I don't know. I think the British education system is a rising tide that lifts 
all boats. I mean British heavyweight boxer Frank Bruno was more articulate in 
his Letterman appearances than two American presidents of the last 20 years. I 
think Letterman loved to mentally spar with Helena Bonham Carter because she 
was so smart, something he couldn't get from say Jennifer Aniston or Gwinneth 
Paltrow. Look at some of the art school education some of the Beatles got.

⁣Not sent from an iPhone​

On Mar 6, 2018, 9:06 AM, at 9:06 AM, Adam Bowie <a...@adambowie.co.uk> wrote:
>On Tue, Mar 6, 2018 at 9:56 AM, 'Dave Sikula' via TVorNotTV <
>tvornottv@googlegroups.com> wrote:
>
>> I am so friggin' tired of this "Brits have training and Americans
>don't"
>> canard that I could spit. The MFA programs over here are every bit
>the
>> equal of what's being done at RADA or LAMDA. The accent mesmerizes
>> Americans into thinking they're somehow smarter and better. Sure,
>there are
>> crap American actors (Lawrence being one of them, to bring this
>around to
>> someone who's been discussed), but there are just as many crap
>British
>> actors. I see actors in San Francisco on a  weekly basis who are
>doing work
>> just as good -- or better -- as what I see from London. (This is also
>> something that drives me crazy about the NY Times. There's
>groundbreaking
>> theatrical work being done all over the country -- particularly in
>Chicago
>> and Los Angeles -- but if it doesn't happen in New York or London, it
>> doesn't exist, as far as the national media are concerned.)
>>
>> As for the sagging ratings for the Oscarcast, I think it's less about
>the
>> actors or the films than it is that (if my students are any
>indicator) "the
>> kids today" just don't care about it. I ask my class every Monday if
>anyone
>> did anything exciting, saw any movies or television shows they liked,
>and
>> they almost never have gone to the movies or watched anything (and
>> certainly nothing on the networks). They didn't watch the Olympics,
>they
>> didn't watch the Oscars, and most of them haven't even seen "Black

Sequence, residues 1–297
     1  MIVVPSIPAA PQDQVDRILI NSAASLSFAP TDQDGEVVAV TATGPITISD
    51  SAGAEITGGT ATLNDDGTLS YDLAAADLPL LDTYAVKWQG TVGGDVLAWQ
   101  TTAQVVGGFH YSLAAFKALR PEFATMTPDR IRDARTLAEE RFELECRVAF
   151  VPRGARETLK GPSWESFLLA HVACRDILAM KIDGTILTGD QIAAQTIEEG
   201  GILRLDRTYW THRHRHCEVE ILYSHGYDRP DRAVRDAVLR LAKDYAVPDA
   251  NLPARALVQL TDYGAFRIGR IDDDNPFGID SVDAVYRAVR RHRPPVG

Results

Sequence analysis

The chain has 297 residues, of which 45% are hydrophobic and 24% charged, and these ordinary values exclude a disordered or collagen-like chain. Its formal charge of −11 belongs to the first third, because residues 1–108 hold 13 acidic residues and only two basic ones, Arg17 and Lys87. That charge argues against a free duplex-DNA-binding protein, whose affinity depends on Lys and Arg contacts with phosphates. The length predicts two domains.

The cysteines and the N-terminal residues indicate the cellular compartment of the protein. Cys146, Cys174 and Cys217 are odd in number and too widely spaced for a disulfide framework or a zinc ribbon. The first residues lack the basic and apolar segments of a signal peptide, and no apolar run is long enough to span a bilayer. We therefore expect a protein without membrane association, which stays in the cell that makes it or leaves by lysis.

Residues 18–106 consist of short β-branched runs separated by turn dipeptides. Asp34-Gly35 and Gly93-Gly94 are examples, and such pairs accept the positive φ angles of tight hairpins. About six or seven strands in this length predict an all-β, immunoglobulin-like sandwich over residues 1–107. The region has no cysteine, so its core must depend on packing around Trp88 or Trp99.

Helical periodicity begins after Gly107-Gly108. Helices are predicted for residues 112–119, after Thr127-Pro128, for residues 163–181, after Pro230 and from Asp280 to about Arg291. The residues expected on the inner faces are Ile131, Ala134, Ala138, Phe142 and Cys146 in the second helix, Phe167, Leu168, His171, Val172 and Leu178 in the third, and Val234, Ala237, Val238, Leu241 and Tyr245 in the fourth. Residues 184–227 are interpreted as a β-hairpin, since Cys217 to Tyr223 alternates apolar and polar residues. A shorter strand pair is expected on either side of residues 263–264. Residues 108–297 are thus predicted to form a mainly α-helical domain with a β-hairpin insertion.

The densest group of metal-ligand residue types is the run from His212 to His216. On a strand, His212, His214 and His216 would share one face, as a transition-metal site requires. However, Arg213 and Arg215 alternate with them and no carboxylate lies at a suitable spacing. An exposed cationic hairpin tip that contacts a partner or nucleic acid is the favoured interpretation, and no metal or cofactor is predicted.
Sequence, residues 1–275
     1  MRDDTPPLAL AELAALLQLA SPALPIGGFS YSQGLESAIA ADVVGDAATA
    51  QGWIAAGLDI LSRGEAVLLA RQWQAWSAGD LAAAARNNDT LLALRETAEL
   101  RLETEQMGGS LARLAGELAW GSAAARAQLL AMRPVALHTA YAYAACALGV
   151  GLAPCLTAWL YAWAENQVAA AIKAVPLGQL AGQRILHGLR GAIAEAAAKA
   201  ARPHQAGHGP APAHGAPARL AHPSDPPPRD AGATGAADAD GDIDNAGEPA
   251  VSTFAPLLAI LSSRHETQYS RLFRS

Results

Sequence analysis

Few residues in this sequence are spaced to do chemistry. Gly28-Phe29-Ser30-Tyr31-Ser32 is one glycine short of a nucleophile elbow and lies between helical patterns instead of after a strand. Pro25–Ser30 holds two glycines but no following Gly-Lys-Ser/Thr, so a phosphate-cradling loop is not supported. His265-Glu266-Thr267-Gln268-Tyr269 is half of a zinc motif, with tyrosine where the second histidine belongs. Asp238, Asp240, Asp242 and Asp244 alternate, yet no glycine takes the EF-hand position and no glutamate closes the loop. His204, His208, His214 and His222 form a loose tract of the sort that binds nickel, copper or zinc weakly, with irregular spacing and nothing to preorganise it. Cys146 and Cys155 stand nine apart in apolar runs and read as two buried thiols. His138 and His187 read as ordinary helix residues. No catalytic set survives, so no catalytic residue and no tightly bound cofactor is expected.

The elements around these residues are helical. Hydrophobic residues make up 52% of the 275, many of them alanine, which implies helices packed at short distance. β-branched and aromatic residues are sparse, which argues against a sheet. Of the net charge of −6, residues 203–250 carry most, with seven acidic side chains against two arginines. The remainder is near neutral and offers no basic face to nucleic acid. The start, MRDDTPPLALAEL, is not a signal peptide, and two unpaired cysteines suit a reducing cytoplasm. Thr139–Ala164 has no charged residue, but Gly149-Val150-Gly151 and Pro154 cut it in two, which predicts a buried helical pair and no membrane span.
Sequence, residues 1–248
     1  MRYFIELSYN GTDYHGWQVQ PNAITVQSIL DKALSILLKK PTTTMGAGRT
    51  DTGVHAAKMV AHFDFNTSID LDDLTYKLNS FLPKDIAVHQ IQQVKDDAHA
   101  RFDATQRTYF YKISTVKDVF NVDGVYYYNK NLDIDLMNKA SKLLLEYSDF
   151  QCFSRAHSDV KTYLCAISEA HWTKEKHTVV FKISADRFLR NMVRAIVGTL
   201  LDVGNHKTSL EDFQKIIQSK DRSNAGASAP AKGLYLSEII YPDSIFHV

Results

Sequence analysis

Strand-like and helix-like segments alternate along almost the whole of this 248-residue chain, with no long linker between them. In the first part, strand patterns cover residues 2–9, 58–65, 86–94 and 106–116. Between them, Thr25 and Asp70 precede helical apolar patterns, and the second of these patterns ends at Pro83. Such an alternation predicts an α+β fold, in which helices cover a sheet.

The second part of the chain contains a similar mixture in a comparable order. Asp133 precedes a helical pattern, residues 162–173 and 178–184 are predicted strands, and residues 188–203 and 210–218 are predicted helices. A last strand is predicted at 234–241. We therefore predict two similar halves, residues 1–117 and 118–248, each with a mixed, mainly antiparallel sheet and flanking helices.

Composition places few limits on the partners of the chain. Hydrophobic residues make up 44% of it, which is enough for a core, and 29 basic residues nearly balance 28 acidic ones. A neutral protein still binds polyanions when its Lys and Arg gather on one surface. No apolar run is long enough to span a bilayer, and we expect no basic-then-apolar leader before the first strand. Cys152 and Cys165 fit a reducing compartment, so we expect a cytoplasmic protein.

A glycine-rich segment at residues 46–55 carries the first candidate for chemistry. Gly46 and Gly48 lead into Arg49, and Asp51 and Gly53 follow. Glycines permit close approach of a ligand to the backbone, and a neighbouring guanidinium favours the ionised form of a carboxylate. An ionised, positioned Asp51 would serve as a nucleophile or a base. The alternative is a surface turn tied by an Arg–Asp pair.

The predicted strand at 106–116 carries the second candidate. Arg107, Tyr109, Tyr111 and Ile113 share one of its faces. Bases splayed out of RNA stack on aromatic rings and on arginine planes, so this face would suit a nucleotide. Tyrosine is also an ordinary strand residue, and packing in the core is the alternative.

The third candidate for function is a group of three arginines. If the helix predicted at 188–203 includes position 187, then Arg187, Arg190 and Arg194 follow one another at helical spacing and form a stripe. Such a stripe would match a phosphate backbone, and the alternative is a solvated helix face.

>Panther."
>>
>> I don't know what the model for media consumption is going to be for
>this
>> generation, but it's obvious that the old one is (or should be) on
>life
>> support.
>>
>
>I tend to agree that it's either snobbery or being blinded by an
>accent.
>There are some excellent state-supported initiatives in Britain like
>the
>National Theatre (where I recently saw a superb Bryan Cranston in a
>stage
>production of Network - the 1976 movie. It's very timely!) or the Royal
>Shakespeare Company. But it's not like US cities don't have their own
>strong local theatre companies.
>
>There are good drama schools and there are bad drama schools in both
>the US
>and the UK. Depending on your age, you may go straight into TV/film
>work
>without doing theatre, or it's your only option until some casting
>director
>somewhere puts you in a TV show.
>
>When there was something of a burst of TV roles being snapped up by
>British
>actors, I remember one suggestion was that Brits were just cheaper. And
>there simply aren't opportunities outside of soap operas, to get year
>round
>employment on a show. Of course the TV landscape is changing, and you
>can
>be cast in The Crown and shoot in London for a US company. Meanwhile 24
>episode series seem from a bygone era, and anything worth watching is
>probably a much more limited series.
>
>I suspect that there are a whole bunch of reasons why audiences are not
>watching the Oscars as much as they did:
>
>TV is just in decline as everyone else has said.
>
>The movie industry itself is to blame. Very broadly, it makes massive
>blockbuster superhero or action films that are never likely to win
>Oscars
>outside of the technical categories, and never would have won in the
>past
>either (films like ET notwithstanding). And then it makes much smaller
>films that can be critically garlanded but are seen by relatively few.
>The
>mid ground, where most Oscars used to come from has just gone away - in
>the
>most part to premium TV. You *can* make big-budget films that are up
>for
>Oscars - Dunkirk is a good example of that. But I've yet to see a
>superhero
>film that is truly worthy of a "Best Picture" nomination.
>
>I don't buy the idea that there are no more stars. Jennifer Lawrence
>(who I
>think is actually pretty decent), Dwayne Johnson, Tom Cruise (still),
>Tom
>Hanks, Chris Pratt, Emma Watson, Robert Downey Jr, Scarlett
>Johannsson...
>There are loads. I'm not saying that casting a star guarantees box
>office
>because we have the internet, and people discover pretty quickly how
>good
>or bad a film is - I'm sure it's word of mouth on social rather than
>the
>Rotten Tomatoes website that *really* makes the difference
>incidentally.
>And yes, you can cast an unknown as a superhero or a Star Wars
>character
>and still have success - but that's partly the nature of those films,
>and
>in any case, you tend to make them stars.
>
>And people do still care about stars. Supermarket tabloids may be in
>decline, but the UK's most embarrassing export is the Mail Online
>website
>which is basically built around star gossip and pictures. It's just
>moved
>online. Stars have Instagram accounts.
>
>As someone who *does* watch films quite a bit, and had seen 8 of the 10
>in
>the Best Picture category, I don't feel the need to watch the Oscars or
>the
>BAFTAs. I'll read online who won, maybe watch some clips on a newscast
>and
>move on.
>
>I don't know what the future is - but I do know it's dis-aggregated.
>
>
>Adam
>
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